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What If?

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In the final moments of battle, you contemplated what lay around you. You contemplated the feelings bursting forth in your chest, a light that threatened to tear your soul to pieces. Even as the entirety of existence seemed to rip apart at the seams, you looked at Emet-Selch’s form and could feel every onz of his pain and misery and desperation.

Even as precious moments trickled past, even as pain sears into the deep center of your very existence, the weapon in your hand is not one to sunder and slay--the effort takes the whole of your being and beyond, but where there was once the burning agony of light that filled your soul over there was suddenly clarity. Pain became hope, agony became passion, misery became enlightenment. With every fiber of your being you changed the light itself into a tool, a weapon, cleansed of its fire and instead into something even more devastating.

When the smoke finally cleared and the adrenaline of battle began to settle, Emet-Selch stood before you, once more in the body of Solus. Your eyes meet with his and, in the span of a breath, you can feel as if the eons separating your souls have suddenly contracted into little more than the brief moments between heartbeats. Suddenly there is no more wall of understanding--one soul to another with no regard to fragmentation, no heed on worth or creed or the concept of fragility. It’s not as if the man’s eyes have been washed with new information, but it’s as if he looks at you anew, as if...

As if, in the brief exchange of your soul and his, he caught a glimpse of something within you. Your thoughts, your life, your emotions, laid bare and overpowering. Eons become seconds, thoughts become memories, and in the twisting span of what is and what was, you are sure that there are tears starting to fall down the curve of the man’s cheek and something deeply familiar tugging at your heart--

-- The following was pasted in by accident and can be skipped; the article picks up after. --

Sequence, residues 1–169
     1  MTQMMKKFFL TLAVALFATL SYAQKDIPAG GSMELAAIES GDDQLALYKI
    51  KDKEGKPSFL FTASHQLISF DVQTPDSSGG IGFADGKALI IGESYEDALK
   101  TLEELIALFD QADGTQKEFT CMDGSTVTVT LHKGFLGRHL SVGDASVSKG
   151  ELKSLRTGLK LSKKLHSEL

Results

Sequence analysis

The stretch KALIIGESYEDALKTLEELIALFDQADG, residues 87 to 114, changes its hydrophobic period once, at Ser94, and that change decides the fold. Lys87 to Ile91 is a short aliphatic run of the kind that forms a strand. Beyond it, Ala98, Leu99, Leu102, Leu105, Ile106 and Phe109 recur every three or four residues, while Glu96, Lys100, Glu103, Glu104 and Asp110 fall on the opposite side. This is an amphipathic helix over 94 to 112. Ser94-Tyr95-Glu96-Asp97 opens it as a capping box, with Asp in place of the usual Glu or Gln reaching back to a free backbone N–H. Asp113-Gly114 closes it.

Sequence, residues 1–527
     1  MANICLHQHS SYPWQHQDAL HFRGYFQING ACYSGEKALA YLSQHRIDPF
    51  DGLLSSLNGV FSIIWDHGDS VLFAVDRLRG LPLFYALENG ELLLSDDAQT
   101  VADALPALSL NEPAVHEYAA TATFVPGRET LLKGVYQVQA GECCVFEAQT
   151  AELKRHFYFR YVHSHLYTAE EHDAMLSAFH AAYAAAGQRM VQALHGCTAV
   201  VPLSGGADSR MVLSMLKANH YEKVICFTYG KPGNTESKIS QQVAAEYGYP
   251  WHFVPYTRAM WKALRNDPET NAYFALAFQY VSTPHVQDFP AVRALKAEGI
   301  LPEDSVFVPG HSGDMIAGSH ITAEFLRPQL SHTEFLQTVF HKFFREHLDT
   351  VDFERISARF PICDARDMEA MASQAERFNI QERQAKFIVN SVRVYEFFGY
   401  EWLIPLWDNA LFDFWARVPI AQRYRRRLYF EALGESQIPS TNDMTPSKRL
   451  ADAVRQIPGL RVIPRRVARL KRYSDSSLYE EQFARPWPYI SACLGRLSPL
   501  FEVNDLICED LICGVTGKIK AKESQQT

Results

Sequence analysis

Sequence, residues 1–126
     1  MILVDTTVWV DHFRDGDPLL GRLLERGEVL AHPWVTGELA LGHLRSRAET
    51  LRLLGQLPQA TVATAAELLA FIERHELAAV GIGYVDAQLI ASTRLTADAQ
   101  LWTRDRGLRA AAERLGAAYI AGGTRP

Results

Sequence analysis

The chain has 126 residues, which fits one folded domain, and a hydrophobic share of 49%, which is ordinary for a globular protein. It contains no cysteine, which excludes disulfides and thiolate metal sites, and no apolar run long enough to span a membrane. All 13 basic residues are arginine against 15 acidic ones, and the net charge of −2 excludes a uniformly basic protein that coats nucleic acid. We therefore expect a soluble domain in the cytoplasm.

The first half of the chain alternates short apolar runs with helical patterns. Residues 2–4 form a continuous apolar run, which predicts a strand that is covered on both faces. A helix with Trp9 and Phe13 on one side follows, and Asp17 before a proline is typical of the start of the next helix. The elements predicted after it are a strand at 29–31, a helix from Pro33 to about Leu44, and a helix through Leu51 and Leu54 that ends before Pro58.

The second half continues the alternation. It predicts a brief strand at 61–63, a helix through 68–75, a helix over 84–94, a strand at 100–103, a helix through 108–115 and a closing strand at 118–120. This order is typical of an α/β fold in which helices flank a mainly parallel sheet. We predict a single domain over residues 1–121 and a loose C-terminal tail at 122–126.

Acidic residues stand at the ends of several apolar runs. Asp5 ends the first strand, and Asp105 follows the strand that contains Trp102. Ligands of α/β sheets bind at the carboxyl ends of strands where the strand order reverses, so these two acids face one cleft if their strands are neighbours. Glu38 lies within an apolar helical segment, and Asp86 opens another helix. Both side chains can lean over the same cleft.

And then he is gone. Like that, Emet Selch is gone. Disappeared, but not slain.

You can feel it, though you don’t know how.

It takes time for you to recover, and time still for your friends to make sense of what happened. But they move on and, slowly, so do you--for the longest time, it’s truly as if Emet-Selch had actually died at the climax of the battle between you both. The Exarch is alive and well, Norvrandt is saved from destruction and you, your soul, are whole and hale once more in every manner of being.

When the dust settles, when the people begin their rebuilding of the world one brick and board at a time, you find yourself wondering when you’ll see the Ascian’s face again. For the first while you think he is merely waiting for the opportunity to ruin all the good that’s been done. 

But it doesn’t happen.

For the next while you wonder if he’s simply given up on the First entirely, opting to join back upon the Source and wreck havoc upon a situation already standing on the precipice of chaos.

But it doesn’t happen.

At last, many weeks later, you find yourself wondering if you should merely forget about the Ascian and continue on with your life--the twelve only knew how much you already had to worry about. But even then, even when the other Scions have all but chalked the soul up for dead and for bigger things to worry about, you still find yourself plagued by thoughts of the Ascian and his final words to you: